Keep Your Culture From Becoming the Cult of Personality  

This is likely a no brainer to most, but it can be tricky, so worth exploring.  I am a big, big advocate for the concept of culture in the workplace.  What does cultural advocacy mean?  It means I believe:

  • The way people work around a place is indeed a culture
  • Culture is the appropriate word to describe that phenomenon
  • Organizations (and their leaders) who understand their culture have a higher chance of achieving corporate goals

I have been fortunate enough to work in HR Leadership roles for companies who have embraced the notion that creating an employee-friendly culture has increased the likelihood of corporate success. I have been very lucky in that regard for any alternative culture probably would not have been a fit for me.

But cultural excellence (for lack of a better word) is hard to navigate.  Very quickly a culture can indeed tiptoe into a cult. So, what is the definition of a cult?

Cult:  a misplaced or excessive admiration for a particular person or thing.

 Some examples:  Steve Jobs, Starbucks coffee, Apple products, Spanx, Micro-brews, Vinyl records, Ben Platt (look him up), organic vegetables, Scientology/Tom Cruise!

All agree the connotations of the word “cult” is bad.  HR Pros, here are some tips to help ensure your culture remains out of the cult category.

  • The culture cannot be defined by the CEO (or other powerful leader or board). The CEO must advocate for the culture, but cannot be the one to define it. Many well-intended leaders confuse creating an authentic culture with creating a culture where everyone acts like her/him.  This elevates the cult status to level 10.
  • The culture must be multifaceted. It needs to include understanding how all levels of employees “work”.   How the west coast office works, how the corporate office works, from how the security guards work to the C-Suite, all need to be understood to eliminate cultish-ness.  Easiest way to understand this: ask people!  Survey monkey – super cheap, super easy way to get an understanding.
  • Third party help is highly recommended to stay clear on what the culture is, especially as a company grows. Corporate growth is the biggest impediment to understanding culture mainly because the change happens so fast. This is a time where focus is most important; you may need help to do this. Google corporate culture audit, corporate culture consultants, culture survey…. You’ll find some.
  • Read exit interviews. This includes reviews on Glassdoor, etc.  If the word “cult” is coming up a lot, don’t poo-poo it altogether.   
  • HR must be courageous. Your job (hopefully) is to be the heart-beat of the company.  Speak up if employees don’t understand the culture, if leaders don’t remain focused on understanding the culture, or if a few leaders forget the culture is broader than them.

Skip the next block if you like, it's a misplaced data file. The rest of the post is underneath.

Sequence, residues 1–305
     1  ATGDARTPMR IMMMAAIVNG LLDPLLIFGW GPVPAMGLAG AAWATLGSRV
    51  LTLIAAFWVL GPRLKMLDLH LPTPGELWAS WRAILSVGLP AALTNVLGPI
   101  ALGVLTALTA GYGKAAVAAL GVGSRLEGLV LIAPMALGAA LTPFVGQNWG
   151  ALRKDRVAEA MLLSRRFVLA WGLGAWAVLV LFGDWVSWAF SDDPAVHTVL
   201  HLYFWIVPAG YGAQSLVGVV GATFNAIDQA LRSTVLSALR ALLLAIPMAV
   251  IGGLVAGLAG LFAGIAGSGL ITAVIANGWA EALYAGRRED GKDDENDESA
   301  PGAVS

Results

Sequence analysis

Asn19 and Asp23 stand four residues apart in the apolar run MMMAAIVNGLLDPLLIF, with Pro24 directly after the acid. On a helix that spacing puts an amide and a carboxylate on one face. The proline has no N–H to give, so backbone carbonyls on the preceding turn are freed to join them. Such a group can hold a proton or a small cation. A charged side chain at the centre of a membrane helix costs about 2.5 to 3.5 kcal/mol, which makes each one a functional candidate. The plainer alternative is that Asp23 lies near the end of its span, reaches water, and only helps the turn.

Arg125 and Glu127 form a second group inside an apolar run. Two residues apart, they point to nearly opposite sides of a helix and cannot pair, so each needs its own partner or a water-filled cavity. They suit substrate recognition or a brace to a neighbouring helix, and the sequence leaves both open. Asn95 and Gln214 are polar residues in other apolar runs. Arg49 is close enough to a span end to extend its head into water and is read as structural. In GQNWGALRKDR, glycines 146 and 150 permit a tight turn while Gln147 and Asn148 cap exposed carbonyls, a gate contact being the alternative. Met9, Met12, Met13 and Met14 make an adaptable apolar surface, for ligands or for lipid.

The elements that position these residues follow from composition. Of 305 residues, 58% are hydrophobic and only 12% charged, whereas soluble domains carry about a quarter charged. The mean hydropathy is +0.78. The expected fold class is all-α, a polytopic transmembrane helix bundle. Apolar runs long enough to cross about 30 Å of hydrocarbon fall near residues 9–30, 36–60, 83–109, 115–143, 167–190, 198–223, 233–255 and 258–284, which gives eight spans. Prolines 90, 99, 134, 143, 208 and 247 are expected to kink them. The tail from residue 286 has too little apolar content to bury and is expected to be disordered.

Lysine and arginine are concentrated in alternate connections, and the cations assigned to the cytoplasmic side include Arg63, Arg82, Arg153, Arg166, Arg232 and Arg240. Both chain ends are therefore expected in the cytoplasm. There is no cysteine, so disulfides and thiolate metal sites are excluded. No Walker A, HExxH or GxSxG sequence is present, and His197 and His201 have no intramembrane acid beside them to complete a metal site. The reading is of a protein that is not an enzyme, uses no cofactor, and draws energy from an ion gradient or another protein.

Hopefully these tips will keep all focused and grounded in understanding the many dimensions of your corporate culture and keep a cult of personality at bay.  The last thing your organization needs is another Tom Cruise…

This post is sponsored by the recruiting pros at Jobvite, who, each month, let FOT write about a topic that will help recruiters raise their games via continuing education. Be on the lookout later this month for the FOT video series called “No Scrubs”—also brought to you by

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Dawn Burke
Dawn Burke is an HR Leader, speaker and writer, specializing in new HR practices, engagement and workplace culture.  Her HR career has spanned the last 20 years, most recently serving as VP of People for Birmingham, Alabama's award-winning technology company, Daxko. That’s right – the very DAXKO that our very own KD is an alum of, because there are only so many people in the big B’ham who are worthy of a VP of People title. A true Generalist, she’s done a little bit of everything, but recruiting and training is where she gets her mojo. She’s based in the good ol' blogging capitol of the south, Birmingham, Alabama, where you can frequently find her listening to the Beatles and REM, watching Breaking Bad reruns (and Snapped and Dateline), enjoying serious amounts of coffee (and cheese, but not together!), dreaming of where she will travel next, and wondering how in the world this theatre grad ever got into football or HR…Check out her blog at or talk to Dawn via emailLinkedIn, Instagram or Twitter


  1. Karin Wills says:

    I will add Elon Musk to the cult list, possibly more so than Steve Jobs.
    I agree that culture is important and so is culture fit.

    It really depends on whether you define ‘fit’ as someone who will thrive in the culture or is the organization trying to Stepford profile the people hired. Is your culture one of inclusivity? Is diversity and marketing tool or the true culture in the organization?

    • Dawn Burke says:

      Elon a definite add!

      Yep— all gets down to getting clear on what the definition of culture is. If you don’t know what is valued and how that relates to success then the cultural default is usually the top leader. Which leads to Stepford profiling…..

  2. John Ludike says:

    There is also crowd at Yum Brands ( KFC, Pizza Hut ) ex CEO called David Novak who even writes and publishes loads around their special brand of pixie dust.

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